St. Pelegia, an actress turned desert mother, is the third woman discussed in Ward’s book. Pelegia was one of the most beloved actresses in Alexandria, and her beauty and talent won her many lovers as well. One day, she passed a meeting of bishops. All, except for Nonnus, look away for fear of being tempted to lust after Pelegia; Nonnus looks on her and begins to weep, seeing her true beauty. With compunction, he says to God, “I know I am a sinner and unworthy, for today the ornaments of a harlot have shone more brightly than the ornaments of my soul….I stand before your altar and I do not offer you a soul adorned with the beauty you want to see in me” (68). Just as her silent witness struck Nonnus, Nonnus’s verbal witness, his sermon the next day, struck Pelegia to the heart, she having wandered into the church. She immediately asked to be baptized and gave her possessions away and went to live in the desert, where, disguised as a male monk, she grew in fame for her spirituality and faith. Nonnus sends one of his friends to meet “Pelegius” the monk, and she simply asks for prayers. Later she dies, and the friend buries her, and reports back to Nonnus. The chronicler concludes the account saying, “May the life of this harlot, this account of total conversion, join us to her and bring us all the mercy of the Lord on the day of judgement, to whom be glory and power and honour to the ages of ages. Amen” (75).
Next is St. Thaïs’s story. Thaïs was a prostitute in Egypt. Abba Paphnutius, a monk of the desert, heard of her and went to her in civilian clothes to confront her. She spoke of God’s presence and he uses the opportunity to call her to repentance. She repents and is locked away in a convent as an anchoress. After three years a vision reveals to Paphnutius that her repentance has been accepted by God, and he goes to remove her from her cell. She comes out and dies 15 days later, ready to meet her Lord.
“It is not judgement of sins, excuses, or understanding of alleviating circumstances that break the heart, but mercy and love. This is a fundamental aspect of the life of the desert fathers: not to judge but to love” (88). This lesson we all need to hear is especially relevant to the story of Maria the Niece of Abraham. As I wrote above, Maria is seduced and joins a brothel in her despair. Having disguised himself as a soldier, so as not to attract attention from the brothel-owner, Abraham eventually gets to Maria’s bed chamber, where he reveals his identity, and asks:
Don’t you know me, Maria my child? Dear heart, am I not he who took care of you? What happened, my dear? Who hurt you, my daughter? What had become of the dress of angels that you used to wear [i.e., her monastic robes]? What has become of your virginity, your tears, your vigils, all your prayers? From what a height you have fallen, my child, into such a pit as this! Why, when you sinned, did you not tell me? Why could you not come and speak of it with me? For of course I would have done penance for you, I and our dearest [friend and chronicler] Ephraim. Why did you not do that?…For who is without sin, save God alone?…To you, your sins seem like mountains, but God has spread his mercy over all that He has made (98).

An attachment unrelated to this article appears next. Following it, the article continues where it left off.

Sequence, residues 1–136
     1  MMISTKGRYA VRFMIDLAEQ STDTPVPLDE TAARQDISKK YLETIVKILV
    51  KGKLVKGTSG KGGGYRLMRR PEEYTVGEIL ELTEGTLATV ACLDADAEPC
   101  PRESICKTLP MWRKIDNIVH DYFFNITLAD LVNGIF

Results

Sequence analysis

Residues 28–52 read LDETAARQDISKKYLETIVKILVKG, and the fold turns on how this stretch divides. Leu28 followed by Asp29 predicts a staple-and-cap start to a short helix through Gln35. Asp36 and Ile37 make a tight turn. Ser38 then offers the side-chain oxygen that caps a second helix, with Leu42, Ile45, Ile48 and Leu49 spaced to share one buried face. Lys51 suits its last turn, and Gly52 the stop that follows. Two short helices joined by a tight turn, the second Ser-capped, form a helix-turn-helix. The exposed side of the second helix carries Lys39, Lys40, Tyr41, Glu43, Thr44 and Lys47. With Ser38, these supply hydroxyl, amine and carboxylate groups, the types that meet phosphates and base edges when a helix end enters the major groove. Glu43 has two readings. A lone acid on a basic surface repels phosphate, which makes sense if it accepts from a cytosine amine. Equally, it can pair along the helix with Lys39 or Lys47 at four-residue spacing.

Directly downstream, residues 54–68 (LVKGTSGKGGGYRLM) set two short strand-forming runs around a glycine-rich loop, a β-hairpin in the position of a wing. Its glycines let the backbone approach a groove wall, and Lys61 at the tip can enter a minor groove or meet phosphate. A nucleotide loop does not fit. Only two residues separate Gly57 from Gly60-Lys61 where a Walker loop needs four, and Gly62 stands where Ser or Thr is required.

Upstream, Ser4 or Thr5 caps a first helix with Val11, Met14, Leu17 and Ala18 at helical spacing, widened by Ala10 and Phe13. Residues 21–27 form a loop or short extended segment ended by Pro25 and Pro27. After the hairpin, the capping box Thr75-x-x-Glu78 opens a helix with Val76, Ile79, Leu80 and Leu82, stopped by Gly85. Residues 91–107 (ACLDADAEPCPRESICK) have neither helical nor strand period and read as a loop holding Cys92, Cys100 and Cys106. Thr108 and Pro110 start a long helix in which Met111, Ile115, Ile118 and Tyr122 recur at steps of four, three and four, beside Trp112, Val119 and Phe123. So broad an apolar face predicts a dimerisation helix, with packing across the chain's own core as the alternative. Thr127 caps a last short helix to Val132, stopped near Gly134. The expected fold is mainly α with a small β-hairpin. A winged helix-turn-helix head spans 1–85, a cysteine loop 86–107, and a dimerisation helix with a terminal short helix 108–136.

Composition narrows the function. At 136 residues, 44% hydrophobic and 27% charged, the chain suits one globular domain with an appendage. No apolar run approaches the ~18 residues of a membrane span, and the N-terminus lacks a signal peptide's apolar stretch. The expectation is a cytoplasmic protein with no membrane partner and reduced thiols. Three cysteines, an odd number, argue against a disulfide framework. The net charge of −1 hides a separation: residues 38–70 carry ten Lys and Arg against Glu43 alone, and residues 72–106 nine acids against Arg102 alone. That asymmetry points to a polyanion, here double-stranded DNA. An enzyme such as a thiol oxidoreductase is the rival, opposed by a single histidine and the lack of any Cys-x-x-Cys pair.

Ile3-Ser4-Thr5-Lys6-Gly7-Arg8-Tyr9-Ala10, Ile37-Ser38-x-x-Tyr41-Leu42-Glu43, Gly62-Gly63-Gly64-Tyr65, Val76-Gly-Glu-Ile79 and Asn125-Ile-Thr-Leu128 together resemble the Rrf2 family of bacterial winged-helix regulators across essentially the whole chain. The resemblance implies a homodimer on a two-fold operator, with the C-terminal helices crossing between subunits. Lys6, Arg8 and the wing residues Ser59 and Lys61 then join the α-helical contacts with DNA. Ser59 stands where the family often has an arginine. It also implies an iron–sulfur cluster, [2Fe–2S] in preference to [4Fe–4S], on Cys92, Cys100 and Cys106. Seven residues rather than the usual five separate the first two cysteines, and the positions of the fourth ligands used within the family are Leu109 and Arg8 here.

Maria repents and joins Abraham back at their hermitage in the desert. They pass away soon thereafter, Abraham first, then Maria a number of years later.
The story ends with an incredibly moving note, a note that one can certainly identify with. He laments the passing of his saintly friends and his failures in their absence. And he closes with this fine prayer, asking for the Father’s mercy:
Have mercy on me, God, alone without sin, and save me, for you alone are kind and merciful. For besides you and the only-begotten Son who became man for us, and the Holy Spirit who sanctifies all things, I know of no other nor do I believe in any other. Now remember me, Lover of men, and lead me out of the prison of my sins, for it was you who first willed me to enter the world and now you stand ready to bring me out of it. Remember me, for I have no protection, and save me, a sinner; and let those who were to me in this world a help, a refuge, and a glory, keep me under their wings from the day of terror and fear. You who see the heart, you know how greatly I have tried to avoid depravity and sin, vanity and especially heresy, by your grace which illuminates my soul. I pray you, holy Lord, save me in your kingdom, and deign to bless me, together with those who were so good in your sight, for to you alone belong glory and adoration and wonder, Father, Son and Holy Spirit, AMEN (101).
I find all of these stories incredibly compelling, and take heart since Ward points out how these are retold to encourage readers in the way of holiness, affirming that no one who seeks will fail to find God’s grace and mercy. And I marvel at their single-mindedness after their conversions; how I wish we Christians, myself foremostly in need, could have this single-sightedness and devotion to our Lord.
Saints Mary Magdalene, Mary of Egypt, Pelegia, Thaïs, and Maria, pray for us!